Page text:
Article 119 of the EEC Treaty states that “Each Member State shall in the course of the first stage ensure and subsequently maintain the application of the principle of equal remuneration for equal work as between men and women workers.
For the purposes of this article, remuneration shall mean the ordinary basic or minimum wage or salary and any additional emoluments whatsoever payable directly or indirectly, whether in cash or in kind, by the employer to the worker and arising out of the workers’ employment.
Equal remuneration without discrimination based on sex means:
(a) that remuneration for the same work at piece rates shall be calculated based on the same unit of measurement; and
(b) that remuneration for work at time rates shall be the same for the same job”.
Now, this article appears in Article 157 of the TFEU, with some changes and additional paragraphs.
“1. Each Member State shall ensure that the principle of equal pay for male and female workers for similar work or work of equal value is applied.
2. For the purpose of this article, “pay” means the ordinary basic or minimum wage or salary and any other consideration, whether in cash or in kind, which the worker receives directly or indirectly, in respect of his employment, from his employer.
Equal pay without discrimination based on sex means:
(a) that pay for the same work at piece rates shall be calculated based on the same unit of measurement;
(b) that pay for employment at time rates shall be the same for the same job.
3. The European Parliament and the Council, acting following the ordinary legislative procedure, and after consulting the Economic and Social Committee, shall adopt measures to ensure the application of the principle of equal opportunities and equal treatment of men and women in matters of employment and occupation, including the principle of equal pay for similar work or work of equal value.
4. to ensure full equality in practice between men and women in working life, the principle of equal treatment shall not prevent any Member State from maintaining or adopting measures providing for specific advantages to make it easier for the underrepresented sex to pursue a vocational activity or to avoid or compensate for disadvantages in professional careers”.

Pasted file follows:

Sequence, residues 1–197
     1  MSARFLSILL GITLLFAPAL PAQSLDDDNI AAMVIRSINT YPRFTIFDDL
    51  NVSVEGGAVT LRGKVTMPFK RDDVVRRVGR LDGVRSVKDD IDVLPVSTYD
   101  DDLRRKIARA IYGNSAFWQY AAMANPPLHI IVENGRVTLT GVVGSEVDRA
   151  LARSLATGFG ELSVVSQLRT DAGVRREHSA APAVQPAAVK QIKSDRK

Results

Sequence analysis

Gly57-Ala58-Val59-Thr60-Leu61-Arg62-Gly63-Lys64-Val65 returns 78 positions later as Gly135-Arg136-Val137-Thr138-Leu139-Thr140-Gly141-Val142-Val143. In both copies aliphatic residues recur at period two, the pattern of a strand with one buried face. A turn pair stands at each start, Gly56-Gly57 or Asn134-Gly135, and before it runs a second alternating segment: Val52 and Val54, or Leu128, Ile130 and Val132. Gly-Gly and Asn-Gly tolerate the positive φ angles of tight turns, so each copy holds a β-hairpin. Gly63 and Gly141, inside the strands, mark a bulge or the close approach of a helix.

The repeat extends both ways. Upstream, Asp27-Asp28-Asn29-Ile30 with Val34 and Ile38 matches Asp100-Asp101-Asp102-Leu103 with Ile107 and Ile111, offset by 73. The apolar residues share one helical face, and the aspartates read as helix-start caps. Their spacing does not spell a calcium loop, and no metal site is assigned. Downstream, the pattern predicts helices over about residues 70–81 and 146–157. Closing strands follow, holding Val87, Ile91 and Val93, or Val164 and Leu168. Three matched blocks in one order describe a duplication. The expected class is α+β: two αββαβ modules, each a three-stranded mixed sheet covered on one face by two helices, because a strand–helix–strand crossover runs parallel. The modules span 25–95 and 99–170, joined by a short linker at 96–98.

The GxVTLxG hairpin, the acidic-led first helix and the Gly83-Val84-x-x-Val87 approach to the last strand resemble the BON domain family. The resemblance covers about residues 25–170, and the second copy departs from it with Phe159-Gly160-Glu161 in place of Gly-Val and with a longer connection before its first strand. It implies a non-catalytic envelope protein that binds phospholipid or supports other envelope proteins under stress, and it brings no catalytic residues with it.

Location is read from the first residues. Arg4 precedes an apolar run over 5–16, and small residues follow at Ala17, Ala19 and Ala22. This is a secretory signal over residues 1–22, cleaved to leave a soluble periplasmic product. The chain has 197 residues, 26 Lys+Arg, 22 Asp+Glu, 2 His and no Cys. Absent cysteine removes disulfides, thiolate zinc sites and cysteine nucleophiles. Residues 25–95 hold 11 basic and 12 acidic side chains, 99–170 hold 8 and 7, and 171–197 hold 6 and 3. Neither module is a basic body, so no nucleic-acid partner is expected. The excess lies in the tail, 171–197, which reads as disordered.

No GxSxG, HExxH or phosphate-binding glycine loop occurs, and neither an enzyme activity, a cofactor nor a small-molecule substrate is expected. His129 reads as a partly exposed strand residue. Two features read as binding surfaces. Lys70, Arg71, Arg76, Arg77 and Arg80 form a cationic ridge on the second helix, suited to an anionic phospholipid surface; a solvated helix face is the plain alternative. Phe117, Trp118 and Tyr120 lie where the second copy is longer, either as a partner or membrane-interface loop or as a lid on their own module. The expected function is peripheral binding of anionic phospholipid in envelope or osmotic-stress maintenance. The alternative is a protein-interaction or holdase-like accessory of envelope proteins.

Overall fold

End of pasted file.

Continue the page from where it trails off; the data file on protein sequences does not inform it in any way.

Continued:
This historical case law was the first case that showed an evident inequality between women and men regarding the principle of “Equal pay for equal work”. That is why in this case, the direct effect of Article 119 of the EEC Treaty was granted.
But, the direct effect of this article had no retroactive effect. It was only applied from this judgment’s date and in some cases where workers previously brought legal proceedings or made an equivalent claim.
The prohibition on discrimination between men and women applies not only to the action of public authorities but also extends to all agreements intended to regulate paid labour collectively and contracts between individuals. Therefore, Ms Defrenne’s claim succeeded.
Moreover, thanks to this case law, it was clear that the economic and social goals form part of the foundations of the community since the social and economic objectives were not acknowledged in the early periods of European integration.
The Court du Travail, Brussels, referred to the Court under Article 177 of the EEC Treaty two questions in a reference for a preliminary ruling concerning the effect and implementation of article 119 of the treaty regarding the principle that men and women should receive equal pay for equal work.
In the main action, Gabrielle Defrenne brought an action for compensation against Société Anonyme Belge de Navigation Aérienne Sabena because she suffered discrimination in terms of pay compared with male colleagues the same work as an air steward.
The Court asked the CJEU whether Article 119 of the Treaty introduces directly into the national law of each member state of the European community the principle that men and women should receive equal pay for equal work and does it, therefore, independently of any national provision, entitle workers to institute proceedings before federal courts to ensure its observance? And that from what date this effect must be recognized?
The CJEU affirmed that this principle may be relied on before the national courts. The National Courts have a duty to ensure the protection of the rights that provision vests in individuals.
In its second question, the Court asked whether this article has become applicable in the internal law of the member states by measures adopted by the authorities of the, or whether the national legislature must be regarded as alone competent in this matter, to which the CJEU clarified that the application of this article was to have been fully secured by the original Member States as from 1 January 1962 and by the new member states as from 1 January 1973. The first of these time limits were not modified by the resolution of the member states of 30 December 1961.
The Court also clarified that even in the areas in which this article has no direct effect, that provision cannot be interpreted as reserving to the national legislature exclusive power to implement the principle of equal pay since, to the extent to which such implementation is necessary, it may be achieved by a combination of community and national provisions.
However, except for those workers who have already brought legal proceedings or made an equivalent claim, the direct effect of Article 119 cannot be relied on to support claims concerning pay periods before the date of this judgment.